A Description of the Appraisal Process

One's home purchase is the most serious financial decision most people may ever consider. It doesn't matter if it's where you raise your family, a second vacation home or an investment, the purchase of real property is a detailed financial transaction that requires multiple people working in concert to make it all happen.

To learn more about appraising, click here to see a short video or call us today to talk about your specific property.


Most people are familiar with the parties having a role in the transaction. The real estate agent is the most recognizable person in the transaction. Next, the lender provides the money necessary to finance the deal. Ensuring all requirements of the exchange are completed and that a clear title transfers from the seller to the buyer is the title company.

So what party makes sure the value of the property is in line with the amount being paid?   This is where the appraiser comes in.   We provide an unbiased opinion of what a buyer might expect to pay - or a seller receive - for a property, where both buyer and seller are informed parties. A professional Iowa licensed appraiser from Accurate Real Estate Appraisal Reports will ensure you as an interested party are informed.

Inspecting the subject property

To determine the true status of the property, it's our responsibility to first perform a thorough inspection. We must actually see features, such as the number of bedrooms and bathrooms, the location, living areas, etc., to ensure they really are present and are in the condition a typical buyer would expect them to be. To make sure the stated square footage is accurate and describe the layout of the property, the inspection often includes creating a sketch of the floor plan. Most importantly, we identify any obvious amenities - or defects - that would have an impact on the value of the house.

Following the inspection, we use two or three approaches when determining the value of the property: paired sales analysis and, in the case of a rental property, an income approach.

Cost Approach

Here, the appraiser analyzes information on local construction costs, labor rates and other factors to ascertain how much it would cost to build a property similar to the one being appraised. This value usually sets the upper limit on what a property would sell for. The cost approach is also the least used method.

Analyzing Comparable Sales

Appraisers can tell you a lot about the communities in which they appraise. We thoroughly understand the value of specific features to the people of that area. Then, the appraiser researches recent sales in the vicinity and finds properties which are 'comparable' to the subject at hand. By assigning a dollar value to certain items such as fireplaces, room layout, appliance upgrades, additional bathrooms or bedrooms, or quality of construction, we adjust the comparable properties so that they are more accurately in line with the features of subject property.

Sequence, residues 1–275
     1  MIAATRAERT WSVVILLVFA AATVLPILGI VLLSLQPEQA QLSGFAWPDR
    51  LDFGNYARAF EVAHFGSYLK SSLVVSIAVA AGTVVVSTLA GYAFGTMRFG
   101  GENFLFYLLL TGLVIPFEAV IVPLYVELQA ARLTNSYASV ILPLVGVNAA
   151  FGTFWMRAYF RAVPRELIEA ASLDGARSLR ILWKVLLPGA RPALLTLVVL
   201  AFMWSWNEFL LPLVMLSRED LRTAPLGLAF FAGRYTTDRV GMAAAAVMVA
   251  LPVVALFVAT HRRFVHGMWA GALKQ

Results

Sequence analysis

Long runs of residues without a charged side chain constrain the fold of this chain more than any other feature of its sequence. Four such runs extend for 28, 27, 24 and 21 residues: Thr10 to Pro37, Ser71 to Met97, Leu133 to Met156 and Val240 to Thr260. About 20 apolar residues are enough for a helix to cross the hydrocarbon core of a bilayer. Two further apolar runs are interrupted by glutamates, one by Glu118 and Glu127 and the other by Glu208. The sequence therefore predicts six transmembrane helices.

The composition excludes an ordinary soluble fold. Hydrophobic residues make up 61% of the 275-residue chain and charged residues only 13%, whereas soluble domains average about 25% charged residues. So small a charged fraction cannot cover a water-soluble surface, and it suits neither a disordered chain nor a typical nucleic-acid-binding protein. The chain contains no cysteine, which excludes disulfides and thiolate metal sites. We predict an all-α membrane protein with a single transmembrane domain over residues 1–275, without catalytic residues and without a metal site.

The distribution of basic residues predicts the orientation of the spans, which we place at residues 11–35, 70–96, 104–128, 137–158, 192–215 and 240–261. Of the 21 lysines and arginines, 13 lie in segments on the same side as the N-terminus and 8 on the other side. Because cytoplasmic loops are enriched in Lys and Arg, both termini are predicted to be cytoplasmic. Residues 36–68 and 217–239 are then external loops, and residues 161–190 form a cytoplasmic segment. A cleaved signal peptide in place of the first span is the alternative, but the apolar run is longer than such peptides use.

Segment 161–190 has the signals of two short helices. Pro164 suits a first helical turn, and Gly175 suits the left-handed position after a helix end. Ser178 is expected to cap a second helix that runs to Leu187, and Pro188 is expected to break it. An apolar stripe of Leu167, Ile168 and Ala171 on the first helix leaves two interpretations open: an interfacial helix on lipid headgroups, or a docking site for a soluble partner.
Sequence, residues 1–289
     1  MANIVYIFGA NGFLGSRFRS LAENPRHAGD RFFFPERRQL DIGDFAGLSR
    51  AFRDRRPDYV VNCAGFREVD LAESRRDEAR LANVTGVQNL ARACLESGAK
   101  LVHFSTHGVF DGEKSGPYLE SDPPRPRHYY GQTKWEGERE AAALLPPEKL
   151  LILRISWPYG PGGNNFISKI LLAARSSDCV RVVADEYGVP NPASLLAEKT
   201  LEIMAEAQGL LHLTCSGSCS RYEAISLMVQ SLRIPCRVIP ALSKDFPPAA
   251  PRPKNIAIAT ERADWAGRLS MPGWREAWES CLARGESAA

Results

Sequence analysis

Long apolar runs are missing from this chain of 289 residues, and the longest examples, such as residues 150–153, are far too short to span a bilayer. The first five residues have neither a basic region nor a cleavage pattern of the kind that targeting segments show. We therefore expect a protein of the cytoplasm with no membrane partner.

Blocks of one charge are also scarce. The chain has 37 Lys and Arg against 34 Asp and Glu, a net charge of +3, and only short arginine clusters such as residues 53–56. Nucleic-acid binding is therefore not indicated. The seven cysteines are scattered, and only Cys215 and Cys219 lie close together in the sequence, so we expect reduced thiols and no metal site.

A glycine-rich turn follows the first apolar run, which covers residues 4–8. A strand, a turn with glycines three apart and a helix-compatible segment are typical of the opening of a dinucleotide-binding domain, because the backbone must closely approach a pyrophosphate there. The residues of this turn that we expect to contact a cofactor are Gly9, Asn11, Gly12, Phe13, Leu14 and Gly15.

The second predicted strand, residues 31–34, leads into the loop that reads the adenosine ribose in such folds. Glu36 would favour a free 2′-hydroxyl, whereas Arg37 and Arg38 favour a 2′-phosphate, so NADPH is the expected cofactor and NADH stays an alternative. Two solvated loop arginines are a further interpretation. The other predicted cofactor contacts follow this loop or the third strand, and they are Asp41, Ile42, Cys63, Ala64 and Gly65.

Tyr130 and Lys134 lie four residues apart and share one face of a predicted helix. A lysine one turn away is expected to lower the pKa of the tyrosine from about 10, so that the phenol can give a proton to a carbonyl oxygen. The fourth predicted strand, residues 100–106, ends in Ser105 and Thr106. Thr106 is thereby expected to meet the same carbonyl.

• Say, for example, the comparable property has a storm shelter and the subject doesn't, the appraiser may deduct the value of a storm shelter from the sales price of the comparable.
  • In the case where the subject has something such as an extra half bath that a comparable doesn't have, the appraiser might add the value of that bath to the comparable property.
An opinion of what the subject could sell for can only be determined once all differences between the comps and the subject have been evaluated. This approach to value is typically awarded the most consideration when an appraisal is for a real estate purchase.

Valuation Using the Income Approach

A third way of valuing a house is sometimes applied when a neighborhood has a reasonable number of rental properties. In this situation, the amount of revenue the property yields is taken into consideration along with income produced by nearby properties to give an indicator of the current value.

Putting It All Together

Combining information from all approaches, the appraiser is then ready to put down an estimated market value for the property at hand. Note: While the appraised value is probably the most reliable indication of what a property would sell for in an open market, it probably will not be the final sales price. Depending on the specific situations of the buyer or seller, their level of urgency or a buyer's desire for that exact property, the closing price of a home can always be driven up or down. Regardless, the appraised value is often employed as a guideline for lenders who don't want to loan a buyer more money than the property would likely sell for in an open marketplace. Here's what it all boils down to: An appraiser from Accurate Real Estate Appraisal Reports will help you get the most accurate property value, so you can make wise real estate decisions.